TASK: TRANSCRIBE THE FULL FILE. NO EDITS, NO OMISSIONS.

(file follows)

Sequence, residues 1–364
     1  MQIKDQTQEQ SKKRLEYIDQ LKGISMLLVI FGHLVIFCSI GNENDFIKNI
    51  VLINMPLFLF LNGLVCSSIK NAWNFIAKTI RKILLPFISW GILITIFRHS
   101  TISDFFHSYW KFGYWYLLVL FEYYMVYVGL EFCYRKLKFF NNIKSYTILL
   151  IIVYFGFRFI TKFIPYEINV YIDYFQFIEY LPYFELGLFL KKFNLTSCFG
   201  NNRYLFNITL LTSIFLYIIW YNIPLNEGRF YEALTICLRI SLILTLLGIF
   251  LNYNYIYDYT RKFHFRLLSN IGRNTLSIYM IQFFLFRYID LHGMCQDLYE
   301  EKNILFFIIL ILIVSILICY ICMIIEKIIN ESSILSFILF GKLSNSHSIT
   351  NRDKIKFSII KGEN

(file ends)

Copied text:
Sequence, residues 1–364
     1  MQIKDQTQEQ SKKRLEYIDQ LKGISMLLVI FGHLVIFCSI GNENDFIKNI
    51  VLINMPLFLF LNGLVCSSIK NAWNFIAKTI RKILLPFISW GILITIFRHS
   101  TISDFFHSYW KFGYWYLLVL FEYYMVYVGL EFCYRKLKFF NNIKSYTILL
   151  IIVYFGFRFI TKFIPYEINV YIDYFQFIEY LPYFELGLFL KKFNLTSCFG
   201  NNRYLFNITL LTSIFLYIIW YNIPLNEGRF YEALTICLRI SLILTLLGIF
   251  LNYNYIYDYT RKFHFRLLSN IGRNTLSIYM IQFFLFRYID LHGMCQDLYE
   301  EKNILFFIIL ILIVSILICY ICMIIEKIIN ESSILSFILF GKLSNSHSIT
   351  NRDKIKFSII KGEN